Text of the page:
We begin our prayers on Yom Kippur eve with perhaps one of the more famous pieces of liturgy, Kol Nidre (or Kol Nidrei), usually sung in its classic haunting melody.

The recital of Kol Nidre on Yom Kippur is an ancient custom mentioned in the Zohar,1 and the text can be found in prayer books dating as far back as the Geonic period (589–1038 CE). Some2 are of the opinion that it was actually instituted by the Anshe Knesset Hagedolah (“Men of the Great Assembly”) at the beginning of the Second Temple era, making it well over 2,300 years old.3

Contrary to what one may expect, Kol Nidre is neither flowery nor inspiring (at first blush). Rather, it is a legalistic text, in which we declare in the presence of the beth din (rabbinical court) that our unknown vows should be null and void.

Why was this dry text selected to be the overture of the Yom Kippur service?

Forgotten Vows

Throughout the year, we make vows to do one thing or another, but we often forget all about them and don’t even come to annul them, causing us to unintentionally transgress our vows. Therefore, right at the onset of Yom Kippur, when we clean our proverbial slates, we ask forgiveness and annul our vows so that we don’t further forget about them and accidentally transgress them.4

Vows That Yom Kippur Does Not Atone For

Others explain5 that, according to the Talmud, when we do teshuvah on Yom Kippur we atone for all sins, except for the sin of one who obligated himself to do something positive and didn’t do it. For example, if one promised to give charity, Yom Kippur does not atone until the person fulfills his vow and actually gives the charity.

The problem is that there are many promises and vows that we may not even remember making. Therefore, as we enter Yom Kippur, a day on which we ask forgiveness for all of our other sins, it is appropriate to first annul our vows and ask forgiveness for them, which Yom Kippur itself doesn’t do.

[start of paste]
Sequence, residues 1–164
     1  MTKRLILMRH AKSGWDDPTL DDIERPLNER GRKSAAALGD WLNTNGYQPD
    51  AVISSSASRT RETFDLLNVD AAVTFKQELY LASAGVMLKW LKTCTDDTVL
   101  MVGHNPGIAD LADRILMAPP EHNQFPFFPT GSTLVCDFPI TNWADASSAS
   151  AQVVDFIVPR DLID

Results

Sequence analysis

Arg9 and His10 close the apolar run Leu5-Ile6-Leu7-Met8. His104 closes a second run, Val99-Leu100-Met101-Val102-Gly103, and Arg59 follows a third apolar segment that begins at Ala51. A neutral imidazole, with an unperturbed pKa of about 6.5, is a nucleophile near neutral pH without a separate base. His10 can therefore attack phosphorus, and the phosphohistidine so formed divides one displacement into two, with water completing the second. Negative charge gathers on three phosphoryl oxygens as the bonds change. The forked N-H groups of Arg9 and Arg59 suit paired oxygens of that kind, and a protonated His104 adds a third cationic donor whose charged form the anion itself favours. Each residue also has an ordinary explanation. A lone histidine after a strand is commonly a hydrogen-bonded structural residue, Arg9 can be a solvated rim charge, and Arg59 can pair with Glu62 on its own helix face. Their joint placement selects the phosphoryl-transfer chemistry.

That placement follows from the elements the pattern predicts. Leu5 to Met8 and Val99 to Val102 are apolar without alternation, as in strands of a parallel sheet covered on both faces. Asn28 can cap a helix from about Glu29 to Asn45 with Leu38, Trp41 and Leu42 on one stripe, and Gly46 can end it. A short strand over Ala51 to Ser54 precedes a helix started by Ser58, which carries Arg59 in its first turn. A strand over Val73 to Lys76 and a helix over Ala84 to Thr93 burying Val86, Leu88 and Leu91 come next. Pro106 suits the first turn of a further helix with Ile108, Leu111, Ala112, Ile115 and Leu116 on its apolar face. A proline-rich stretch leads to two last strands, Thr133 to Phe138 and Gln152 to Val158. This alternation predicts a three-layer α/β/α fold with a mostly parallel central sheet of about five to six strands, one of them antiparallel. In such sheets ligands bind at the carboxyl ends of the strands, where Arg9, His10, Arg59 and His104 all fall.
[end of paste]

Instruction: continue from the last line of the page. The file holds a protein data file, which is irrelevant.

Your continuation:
A Biblical Hint

Rabbi Eliyahu of Vilna, known as the Vilna Gaon, expounds upon the verse6 describing what happens when an adolescent girl makes a vow: “But if her father restrained her on the day he hears it, all her vows and her prohibitions that she has imposed upon herself shall not stand. The L‑rd will forgive her . . .” Taken allegorically, this tells us that one annuls vows on the day that was set aside by G‑d for forgiveness, Yom Kippur.7

Why Before and Not on Yom Kippur

Why is this done before Yom Kippur, and not on Yom Kippur itself? Unless vows specifically pertain to Shabbat or the holiday, we only annul them on a weekday. Thus, it makes sense that Kol Nidre be recited right before the onset of Yom Kippur, since it pertains to other vows as well.

But how did this legal procedure become one of the most solemn and hallowed prayers of the year?

Negative Decrees

Aside from the legalistic reasons for starting off Yom Kippur with Kol Nidre, there are more mystical and deeper reasons for this solemn and holy “prayer” as well.

The Zohar8 explains that on Yom Kippur we pray that any negative decrees or harsh punishments that Heaven may have vowed to afflict us with be annulled. Thus, while we recite the text for the annulment of our earthly vows, we are essentially praying that these negative vows be annulled (even if we may be undeserving). The text of Kol Nidre reads, All shall be hereby absolved, remitted, canceled, declared null and void, not in force or effect,” alluding to these negative avowed decrees.

The Final Redemption

Others explain that with the recital of Kol Nidre, we are asking G‑d, and in a sense “reminding” Him, that in case He made a vow not to bring about the final redemption until a specific time, according to Jewish law, one can annul his vows. Thus, with our annulment we pray that G‑d act in a reciprocal fashion and annul that vow, bringing about the final redemption and the coming of the Moshiach.9

Essentially, just as the Yom Kippur prayers conclude with a prayer for the final redemption, so do they start it off with one. For, ultimately, that is what we are all praying for.

May we all merit the sweetest of years with the coming of the Moshiach and the rebuilding of the Holy Temple!